I Knew I Was Black

by Violetta P. Joseph


Lord I knew I was black

When tossed from the big ships,
I landed in the middle of torment,
encrusted with the sweat and blood
of hundreds of thousands of lost souls
in the midst of salty seas,
separated from homeland and loved ones,
existence held no comfort,
No peace and no mercy.

Lord I knew I was black

As a free man, hiding in the woods
from those who would not recognize my human being,
hearing those dogs calling my name
feeling their breathe of capture upon my face,
begging me to give them a sign,
I give in, I give up, holding my breath.
Just lie down and pretend to die. 

Lord I knew I was black

Four hundred years have come and gone
but nothing has changed.
I work the fields of emptiness
to live in the house of fruitlessness.
At night, I sing and dance
in anger in the places that seem the same
but are enticingly not.
In my rages, I drink and drink to be drunk,
the weight of old memories.

Lord I knew I was black

Things were looking up until they knew it was I.
Armed with the passive tools of education
to fit into the story of life,
as they would see it.
I brought the essence of my learning
struggle rolled into knowledge
to defend me from the waterfall of pity
and misguided equal opportunity. 

Lord I knew I was black

But it's not like Iím asking for something for nothing.
In every grain of dirt is the sweat and blood
of those kin to me who came before
and laid the foundation of somebody elseís wealth.
There was no anger in me for the worldís shortcomings
and short-sightedness because you know Iíve always come up short.

Lord I knew I was black

The knot in my chest that is peaceful shrinks each day.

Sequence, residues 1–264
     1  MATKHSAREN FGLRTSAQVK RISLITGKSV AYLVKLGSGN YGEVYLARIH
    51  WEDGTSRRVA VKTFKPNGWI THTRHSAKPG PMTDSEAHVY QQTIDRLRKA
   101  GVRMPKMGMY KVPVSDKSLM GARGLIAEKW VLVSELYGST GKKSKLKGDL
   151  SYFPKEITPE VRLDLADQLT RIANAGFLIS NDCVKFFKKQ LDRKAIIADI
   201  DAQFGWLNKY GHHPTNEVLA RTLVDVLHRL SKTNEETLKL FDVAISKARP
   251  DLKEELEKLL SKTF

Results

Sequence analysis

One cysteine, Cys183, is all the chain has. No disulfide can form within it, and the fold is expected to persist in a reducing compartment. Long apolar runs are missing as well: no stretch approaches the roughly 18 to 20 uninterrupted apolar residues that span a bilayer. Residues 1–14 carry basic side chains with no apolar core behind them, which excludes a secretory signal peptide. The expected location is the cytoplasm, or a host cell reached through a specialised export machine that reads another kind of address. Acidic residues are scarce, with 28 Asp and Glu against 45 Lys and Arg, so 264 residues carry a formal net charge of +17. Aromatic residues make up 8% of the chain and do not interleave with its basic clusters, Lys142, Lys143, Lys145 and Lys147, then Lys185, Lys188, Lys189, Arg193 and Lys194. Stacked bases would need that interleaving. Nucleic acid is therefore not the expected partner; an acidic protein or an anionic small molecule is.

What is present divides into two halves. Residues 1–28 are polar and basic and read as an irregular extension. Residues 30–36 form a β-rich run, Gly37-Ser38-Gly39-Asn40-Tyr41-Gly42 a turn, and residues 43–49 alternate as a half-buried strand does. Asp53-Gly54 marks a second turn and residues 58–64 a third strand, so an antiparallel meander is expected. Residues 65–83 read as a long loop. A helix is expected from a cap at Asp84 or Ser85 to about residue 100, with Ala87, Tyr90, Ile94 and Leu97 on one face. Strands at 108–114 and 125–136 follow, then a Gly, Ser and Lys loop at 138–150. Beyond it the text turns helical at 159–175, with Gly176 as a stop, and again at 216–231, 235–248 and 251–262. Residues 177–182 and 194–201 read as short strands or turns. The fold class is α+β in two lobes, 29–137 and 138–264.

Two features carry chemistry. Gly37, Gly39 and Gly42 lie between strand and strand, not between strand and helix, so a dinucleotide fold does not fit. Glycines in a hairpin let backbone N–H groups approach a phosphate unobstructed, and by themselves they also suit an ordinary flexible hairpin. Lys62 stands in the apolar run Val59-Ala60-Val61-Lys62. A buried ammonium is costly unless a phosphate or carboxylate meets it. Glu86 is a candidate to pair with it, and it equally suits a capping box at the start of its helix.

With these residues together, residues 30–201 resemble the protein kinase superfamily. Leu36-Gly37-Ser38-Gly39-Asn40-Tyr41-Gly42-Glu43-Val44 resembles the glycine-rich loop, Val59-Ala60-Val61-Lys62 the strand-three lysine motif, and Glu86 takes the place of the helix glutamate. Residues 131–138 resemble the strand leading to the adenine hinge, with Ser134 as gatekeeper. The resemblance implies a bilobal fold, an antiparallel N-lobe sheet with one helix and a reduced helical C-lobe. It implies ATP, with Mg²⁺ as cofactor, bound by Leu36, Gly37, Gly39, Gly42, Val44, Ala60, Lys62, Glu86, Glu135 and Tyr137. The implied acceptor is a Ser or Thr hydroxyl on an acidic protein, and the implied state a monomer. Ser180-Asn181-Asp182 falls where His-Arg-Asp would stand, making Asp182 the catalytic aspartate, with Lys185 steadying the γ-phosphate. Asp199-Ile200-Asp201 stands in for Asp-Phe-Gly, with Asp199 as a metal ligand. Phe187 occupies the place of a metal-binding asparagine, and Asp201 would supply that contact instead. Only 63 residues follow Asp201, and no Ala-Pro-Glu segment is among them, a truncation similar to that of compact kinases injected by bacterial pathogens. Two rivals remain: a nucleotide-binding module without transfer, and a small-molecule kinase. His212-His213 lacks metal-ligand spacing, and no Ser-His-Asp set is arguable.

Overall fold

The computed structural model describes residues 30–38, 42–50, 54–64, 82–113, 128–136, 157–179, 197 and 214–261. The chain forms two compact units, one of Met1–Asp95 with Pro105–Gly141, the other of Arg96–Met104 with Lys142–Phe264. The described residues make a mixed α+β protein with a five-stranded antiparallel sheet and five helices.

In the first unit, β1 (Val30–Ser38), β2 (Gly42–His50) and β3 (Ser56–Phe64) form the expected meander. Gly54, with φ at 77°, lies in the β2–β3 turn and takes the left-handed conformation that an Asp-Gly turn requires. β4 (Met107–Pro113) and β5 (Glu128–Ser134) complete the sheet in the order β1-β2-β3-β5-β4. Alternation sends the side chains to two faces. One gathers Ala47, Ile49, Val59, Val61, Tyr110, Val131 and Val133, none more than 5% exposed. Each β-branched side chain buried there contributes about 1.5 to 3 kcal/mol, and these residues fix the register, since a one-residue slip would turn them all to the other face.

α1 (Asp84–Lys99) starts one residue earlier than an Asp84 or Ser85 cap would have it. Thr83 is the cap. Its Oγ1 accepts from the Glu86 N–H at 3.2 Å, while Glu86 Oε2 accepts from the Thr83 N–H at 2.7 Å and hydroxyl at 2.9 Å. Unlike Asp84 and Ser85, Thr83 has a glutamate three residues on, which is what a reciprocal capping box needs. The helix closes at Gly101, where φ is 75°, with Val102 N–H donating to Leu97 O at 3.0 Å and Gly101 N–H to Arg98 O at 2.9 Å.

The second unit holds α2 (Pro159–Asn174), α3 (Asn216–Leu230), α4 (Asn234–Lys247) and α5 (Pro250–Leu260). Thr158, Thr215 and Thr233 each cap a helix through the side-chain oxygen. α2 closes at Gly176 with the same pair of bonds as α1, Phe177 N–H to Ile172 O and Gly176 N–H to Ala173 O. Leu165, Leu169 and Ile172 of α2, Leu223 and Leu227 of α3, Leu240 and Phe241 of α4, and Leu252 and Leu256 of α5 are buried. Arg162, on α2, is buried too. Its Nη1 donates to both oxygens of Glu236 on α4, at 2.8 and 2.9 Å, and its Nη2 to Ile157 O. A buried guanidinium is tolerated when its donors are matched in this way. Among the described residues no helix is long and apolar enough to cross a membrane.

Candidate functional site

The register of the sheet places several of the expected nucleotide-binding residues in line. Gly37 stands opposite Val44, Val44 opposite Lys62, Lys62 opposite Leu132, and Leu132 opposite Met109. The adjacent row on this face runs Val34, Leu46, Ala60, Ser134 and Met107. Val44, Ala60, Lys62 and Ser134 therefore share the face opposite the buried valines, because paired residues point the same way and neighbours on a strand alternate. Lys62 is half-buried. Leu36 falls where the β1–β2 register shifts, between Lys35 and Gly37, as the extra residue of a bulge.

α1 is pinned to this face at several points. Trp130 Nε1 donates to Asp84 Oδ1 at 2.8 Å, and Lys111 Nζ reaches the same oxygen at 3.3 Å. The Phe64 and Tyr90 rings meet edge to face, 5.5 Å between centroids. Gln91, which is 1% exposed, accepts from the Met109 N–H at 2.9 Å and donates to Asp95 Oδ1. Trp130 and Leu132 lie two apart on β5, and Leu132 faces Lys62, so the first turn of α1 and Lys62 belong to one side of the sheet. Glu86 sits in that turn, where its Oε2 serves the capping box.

The bitter taste in my mouth is the phlegm of violence
waiting to spate itself upon the not so imaginary repressors.
Prayer does not leak from the flesh of lips,
swollen from the crying out for justice, equality,
and right to live unencumbered.

Lord I knew I was black

The winds have changed and the time is short.
The last days approach and still it is as though
the wilderness has overgrown the hearts of men and many.
The hatred and racism that was held captive
in the mind of the oppressors ebbs outward
frothing into fatal confrontations.
It is you, lord, who judges and fixes.
You I cannot hurry but lord I just canít imagine
continuing to ignore the inhumanities
and implore those who will not seek
the light of knowledge and fairness
to give me what is just. 

Lord I knew I was black, I know Iím tired. 
 
*****

Written by Violetta Joseph
after a day of arguing about reparations. 


I Knew I Was Black by Violetta P. Joseph

© Copyright 1995. All rights reserved. No portion of this work may be duplicated or copied without the expressed written consent of the author.



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